In this age of caller ID, most people hesitate to take calls from unidentified numbers to avoid pesky telemarketers, insurance agents ... or worse, a former flame.
But MCA’s Head of Public Services and Complaints Department Datuk Seri Michael Chong makes it his business to answer every call that comes through his mobile phone.
The year 2017 marks 30 years of Chong helming his department. In that time, he has answered thousands, if not millions, of phone calls – at all hours of the day and night.
“You’ll never know how urgent the call is until you answer it. It could be a case involving a child needing blood transfusion or someone requiring urgent financial help. I’d feel guilty if these calls went unanswered,” says Chong during an interview in Kuala Lumpur on Wednesday.
It’s this heartfelt dedication that has earned Chong a reputation as the one to go to for help – especially for the most desperate.
Press conferences he has held highlighting social problems such as gambling debts, conflicts, runaway spouses, cheating mediums and all kinds of everything are testament to the ills plaguing society. Chong’s work has been to help victims and families torn apart by problems to sort through their mess. He also alerts the public to potential risks and dangers out there.
At his office, located on the 7th floor of Wisma MCA on Jalan Ampang, Kuala Lumpur, Chong has to sift through stacks and stacks of case files every day and decide who to help and how to tackle the problem at hand. He determines the level of intervention and the authorities that need to attend to the problems.
It’s tough work. But he has the full backing of his team, which includes his eldest daughter Marina. Other team members are Lee Xiao Lin, Cherry Chang, Jenny Ting and Foo Sek Cheng who are on standby 24-7 to assist him.
In a day, Chong sees about 10 to 20 people.“It gives me a sense of satisfaction to help solve people’s problems. It keeps me active and mentally alert at my age. Teamwork is equally essential and I’m blessed to have a dedicated group who work tirelessly to ensure the department’s smooth operation,” says Chong, who joined the MCA in 1980 as executive secretary to former MCA deputy president Tan Sri Lee Kim Sai, then a Selangor state executive councillor.
The 68-year-old grandfather still keeps long hours, which limits his family time.
But these days, Chong is accompanied by Marina, who has been his personal assistant for seven years.
The 33-year-old was inspired to work with her father due to his selflessness in helping people. Joining Chong’s team has given Marina a deeper understanding and respect of her father’s job scope.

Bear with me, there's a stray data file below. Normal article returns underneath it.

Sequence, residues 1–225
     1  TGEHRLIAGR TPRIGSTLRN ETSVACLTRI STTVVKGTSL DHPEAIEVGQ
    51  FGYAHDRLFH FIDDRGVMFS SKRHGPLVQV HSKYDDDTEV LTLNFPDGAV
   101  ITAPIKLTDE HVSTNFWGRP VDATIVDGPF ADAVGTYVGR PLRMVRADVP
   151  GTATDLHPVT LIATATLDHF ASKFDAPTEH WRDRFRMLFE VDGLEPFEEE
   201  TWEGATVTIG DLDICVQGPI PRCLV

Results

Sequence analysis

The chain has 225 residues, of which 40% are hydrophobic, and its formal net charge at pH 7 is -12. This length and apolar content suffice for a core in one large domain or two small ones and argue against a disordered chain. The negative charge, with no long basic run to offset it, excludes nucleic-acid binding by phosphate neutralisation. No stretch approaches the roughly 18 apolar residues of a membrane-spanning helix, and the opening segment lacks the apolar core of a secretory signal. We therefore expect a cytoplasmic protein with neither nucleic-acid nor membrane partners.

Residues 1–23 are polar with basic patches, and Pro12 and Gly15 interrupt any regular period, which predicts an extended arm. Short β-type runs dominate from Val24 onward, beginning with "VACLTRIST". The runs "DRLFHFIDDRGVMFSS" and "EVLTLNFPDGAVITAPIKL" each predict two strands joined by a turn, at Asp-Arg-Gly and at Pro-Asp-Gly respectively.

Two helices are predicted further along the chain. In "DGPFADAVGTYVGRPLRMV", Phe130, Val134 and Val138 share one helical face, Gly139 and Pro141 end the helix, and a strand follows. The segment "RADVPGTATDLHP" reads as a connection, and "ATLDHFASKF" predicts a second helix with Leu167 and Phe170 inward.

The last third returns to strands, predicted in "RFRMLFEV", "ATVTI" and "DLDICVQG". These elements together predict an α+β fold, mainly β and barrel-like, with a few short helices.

“When I was younger, I couldn’t comprehend Dad’s busy work schedule or understand why he worked long hours. Nowadays, I accompany him to his meetings and try to help in any way possible,” says Marina, the mother of 11-month-old baby Matilda Leong.
Marina has always known that although Chong is stern at work and home, he has a heart of gold.
“Dad always puts others before himself. It’s apparent in the work he does and he will go to great lengths to ensure he helps anyone he can. I believe his selfless acts have rubbed off on me,” she explains.
Marina is also all the more appreciative of her father’s efforts to juggle his work and family time. Despite Chong’s busy schedule, Marina says he always makes time for the family. Highlights include having dinners together, particularly trips to Klang for Chong’s favourite bak kut teh.
“Dad enjoys reading the newspaper end-to-end and books on general knowledge and history. During his free time, he loves to watch TV, especially documentaries on History Channel and National Geographic Channel.”
A privilege to help
There is a sense of gratitude when Chong talks about his passion to help the needy.
There’s nothing more fulfilling than reaching out to help those facing difficulties, says Chong who hails from Batu Arang, Selangor.
His empathy and compassion for the sufferings of others are rooted in his early years of hardships.
Chong grew up in a poor family. When he was 17, his father died of cancer leaving his mother, a washer woman, to fend for six children.
In their most dire times, parishioners from his hometown’s St Michael’s Church came forward to help Chong’s family. Even teachers from his former school, SMJK Batu Arang, chipped in to ensure the family could make ends meet.
“I know what it’s like to go hungry. We had no money to buy food and our Indian neighbours came forward to help us. This taught me how to reach out and help others in need,” said Chong, citing his former school principal J.R. Raman, church volunteer Albert Fenelon and former boss Tan Sri Lee Kim Sai, as some of his role models.